In his first address to the General Assembly at the U.N. on Tuesday, President Biden mentioned “global” 17 times, and that comes as no surprise to this annual gathering of nations. And when he connected global to unity, diplomacy and world peace it had its deepest, most meaningful resonance.
He spoke passionately about the world’s collective future, citing the need to “ending this pandemic; addressing the climate crisis; managing the shifts in global power dynamics; shaping the rules of the world on vital issues like trade, cyber, and emerging technologies; and facing the threat of terrorism as it stands today.”
For the most part it was a standard speech that was careful not to miss any of the critical concerns facing the people of the world, though he gave considerable time and importance to the menacing COVID-19 and what needed to be done to curb its spread and devastation.
We must work together to save lives, Biden stressed, and to defeat the virus, “and take the necessary steps to prepare ourselves for the next pandemic where there will be another one, or when we fail to harness the tools at our disposal as more virulent and dangerous variants take hold.”
A similar resolve must be had together he said, “to meet the threat of challenging climate, the challenging climate we’re all feeling already ravaging every part of our world with extreme weather, or will we suffer the merciless march of ever-worsening droughts and floods, more intense fires and hurricanes, longer heatwaves, and rising seas?”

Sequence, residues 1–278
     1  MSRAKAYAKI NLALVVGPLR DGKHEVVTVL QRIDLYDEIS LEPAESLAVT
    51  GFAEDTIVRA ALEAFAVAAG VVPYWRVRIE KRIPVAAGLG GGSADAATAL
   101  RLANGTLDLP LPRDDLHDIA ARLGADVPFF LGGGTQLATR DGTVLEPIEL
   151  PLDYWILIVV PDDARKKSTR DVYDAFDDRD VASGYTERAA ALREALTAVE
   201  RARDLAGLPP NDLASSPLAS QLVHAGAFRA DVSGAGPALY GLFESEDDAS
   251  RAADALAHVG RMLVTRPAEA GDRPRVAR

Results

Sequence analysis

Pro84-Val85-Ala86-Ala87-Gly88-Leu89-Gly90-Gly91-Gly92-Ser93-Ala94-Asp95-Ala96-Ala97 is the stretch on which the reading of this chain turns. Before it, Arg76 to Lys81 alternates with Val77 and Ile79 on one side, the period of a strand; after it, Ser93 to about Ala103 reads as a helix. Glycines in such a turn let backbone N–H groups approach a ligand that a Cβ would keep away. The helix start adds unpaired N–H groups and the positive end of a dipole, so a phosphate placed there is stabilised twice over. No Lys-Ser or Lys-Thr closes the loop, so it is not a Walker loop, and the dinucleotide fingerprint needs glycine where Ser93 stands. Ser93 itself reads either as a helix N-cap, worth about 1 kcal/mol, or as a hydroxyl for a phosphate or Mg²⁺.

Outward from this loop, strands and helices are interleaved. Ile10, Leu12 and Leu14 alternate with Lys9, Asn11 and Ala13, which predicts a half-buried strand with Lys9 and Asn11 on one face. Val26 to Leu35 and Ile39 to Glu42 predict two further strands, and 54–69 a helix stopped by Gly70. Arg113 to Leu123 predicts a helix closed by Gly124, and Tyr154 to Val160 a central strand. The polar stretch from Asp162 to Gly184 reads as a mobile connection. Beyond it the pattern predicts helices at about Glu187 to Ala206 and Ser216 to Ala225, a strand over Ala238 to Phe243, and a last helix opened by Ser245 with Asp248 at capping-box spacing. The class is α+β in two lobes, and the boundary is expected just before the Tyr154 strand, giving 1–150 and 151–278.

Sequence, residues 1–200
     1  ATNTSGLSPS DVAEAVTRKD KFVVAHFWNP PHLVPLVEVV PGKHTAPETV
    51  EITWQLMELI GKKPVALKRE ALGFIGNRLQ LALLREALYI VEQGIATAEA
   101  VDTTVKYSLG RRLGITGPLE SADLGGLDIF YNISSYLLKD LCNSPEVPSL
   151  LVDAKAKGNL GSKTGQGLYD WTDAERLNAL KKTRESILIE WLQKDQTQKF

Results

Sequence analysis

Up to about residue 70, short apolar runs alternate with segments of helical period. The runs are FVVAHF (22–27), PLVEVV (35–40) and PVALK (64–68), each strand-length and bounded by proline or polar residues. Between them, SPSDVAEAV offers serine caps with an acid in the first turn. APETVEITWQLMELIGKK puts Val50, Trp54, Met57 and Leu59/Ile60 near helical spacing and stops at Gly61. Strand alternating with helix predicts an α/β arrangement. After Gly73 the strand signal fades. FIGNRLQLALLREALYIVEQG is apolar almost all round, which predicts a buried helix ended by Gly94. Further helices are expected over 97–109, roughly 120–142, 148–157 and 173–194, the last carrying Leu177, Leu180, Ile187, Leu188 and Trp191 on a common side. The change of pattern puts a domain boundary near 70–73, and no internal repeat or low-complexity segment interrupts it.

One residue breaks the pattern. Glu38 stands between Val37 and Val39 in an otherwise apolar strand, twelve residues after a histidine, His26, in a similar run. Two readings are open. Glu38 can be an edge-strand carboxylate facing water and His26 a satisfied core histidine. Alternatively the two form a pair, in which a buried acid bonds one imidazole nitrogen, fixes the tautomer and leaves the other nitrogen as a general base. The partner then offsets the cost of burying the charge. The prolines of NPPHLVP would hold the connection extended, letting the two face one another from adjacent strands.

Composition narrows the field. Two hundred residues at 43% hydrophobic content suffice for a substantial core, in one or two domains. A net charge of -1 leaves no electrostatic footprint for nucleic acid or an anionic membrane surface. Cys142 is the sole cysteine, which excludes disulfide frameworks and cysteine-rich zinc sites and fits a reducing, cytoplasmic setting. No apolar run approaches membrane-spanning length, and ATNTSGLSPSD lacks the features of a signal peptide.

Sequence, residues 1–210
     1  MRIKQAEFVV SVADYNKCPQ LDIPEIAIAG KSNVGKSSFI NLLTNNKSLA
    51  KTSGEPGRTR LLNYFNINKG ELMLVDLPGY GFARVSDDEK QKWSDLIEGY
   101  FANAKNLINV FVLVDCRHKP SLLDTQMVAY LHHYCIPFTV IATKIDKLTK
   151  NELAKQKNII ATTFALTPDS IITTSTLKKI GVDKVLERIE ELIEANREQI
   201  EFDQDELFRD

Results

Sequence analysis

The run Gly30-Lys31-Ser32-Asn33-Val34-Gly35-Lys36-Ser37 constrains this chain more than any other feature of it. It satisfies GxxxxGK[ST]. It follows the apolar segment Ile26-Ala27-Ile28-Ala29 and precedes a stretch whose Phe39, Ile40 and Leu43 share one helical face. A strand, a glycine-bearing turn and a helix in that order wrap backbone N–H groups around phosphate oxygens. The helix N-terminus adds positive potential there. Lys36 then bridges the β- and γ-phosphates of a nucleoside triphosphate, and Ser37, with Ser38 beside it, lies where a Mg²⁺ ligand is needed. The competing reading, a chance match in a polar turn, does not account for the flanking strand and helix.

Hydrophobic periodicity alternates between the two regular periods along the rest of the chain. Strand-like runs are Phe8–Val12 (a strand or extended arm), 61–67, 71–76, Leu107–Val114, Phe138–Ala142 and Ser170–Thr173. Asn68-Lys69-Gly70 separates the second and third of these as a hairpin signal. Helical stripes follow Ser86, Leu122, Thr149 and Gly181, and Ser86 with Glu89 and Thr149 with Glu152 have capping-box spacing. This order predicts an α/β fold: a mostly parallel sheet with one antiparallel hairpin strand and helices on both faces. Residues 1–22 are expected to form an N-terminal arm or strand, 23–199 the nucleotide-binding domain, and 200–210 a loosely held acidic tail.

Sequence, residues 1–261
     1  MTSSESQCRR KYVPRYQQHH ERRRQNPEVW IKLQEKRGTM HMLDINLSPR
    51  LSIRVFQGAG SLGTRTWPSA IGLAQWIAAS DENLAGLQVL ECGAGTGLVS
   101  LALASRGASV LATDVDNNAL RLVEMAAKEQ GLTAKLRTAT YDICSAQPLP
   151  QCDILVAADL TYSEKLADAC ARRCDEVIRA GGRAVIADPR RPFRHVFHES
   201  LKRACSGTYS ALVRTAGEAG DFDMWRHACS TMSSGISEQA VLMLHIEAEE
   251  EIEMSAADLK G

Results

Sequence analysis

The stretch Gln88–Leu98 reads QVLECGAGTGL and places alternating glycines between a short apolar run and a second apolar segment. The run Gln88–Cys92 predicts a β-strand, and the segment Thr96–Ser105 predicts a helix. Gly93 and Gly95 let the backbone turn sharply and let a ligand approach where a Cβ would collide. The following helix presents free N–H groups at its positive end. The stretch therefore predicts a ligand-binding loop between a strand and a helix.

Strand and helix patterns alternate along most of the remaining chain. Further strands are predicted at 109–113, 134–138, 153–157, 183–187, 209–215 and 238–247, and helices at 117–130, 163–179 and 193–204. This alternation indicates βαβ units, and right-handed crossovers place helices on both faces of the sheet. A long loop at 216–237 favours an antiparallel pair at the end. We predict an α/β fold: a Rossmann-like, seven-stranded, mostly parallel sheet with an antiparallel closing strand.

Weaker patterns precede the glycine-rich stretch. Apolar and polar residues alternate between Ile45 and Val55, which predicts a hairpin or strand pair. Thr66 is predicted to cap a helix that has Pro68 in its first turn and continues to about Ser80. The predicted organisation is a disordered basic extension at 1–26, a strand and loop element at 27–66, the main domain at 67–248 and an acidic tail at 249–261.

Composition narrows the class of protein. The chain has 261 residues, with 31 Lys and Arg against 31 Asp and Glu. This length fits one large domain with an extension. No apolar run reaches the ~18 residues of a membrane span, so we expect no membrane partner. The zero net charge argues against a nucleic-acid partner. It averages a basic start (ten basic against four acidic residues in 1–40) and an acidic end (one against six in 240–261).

As expected, Biden asserted the United States’ continuing support to Israel’s security but added that he still believed a two-state solution is the best way to ensure Israel’s future “as a Jewish democratic state living in peace alongside a viable sovereign and democratic Palestinian state.”
That dream of harmony was symbolic of Biden’s call for an adherence to the U.N. Charter and the Universal Declaration of Human Rights. He made this point even more direct with his promise to wage a relentless quest for diplomacy. “Simply put,” he said, “we stand, in my view, at an inflection point in history, and I’m here today to share with you how the United States intends to work with partners and allies to answer these questions and the commitment of my new administration to help lead the world toward a more peaceful, prosperous future for all people.”
The president mentioned Africa on several occasions, singling out Ethiopia and the conflict there and Zambia, which he said the young people there had harnessed the vote for the first time, perhaps dismissing the leadership by the presidents, particularly Kenneth Kaunda.
“We will lead not just with the example of our power,” Biden said near the end of his address, “but, God willing, with the power of our example.”
Many will hope that example will pertain in the equal dispensation of funds from the infrastructure bill and an immigration policy with clout and fairness for all.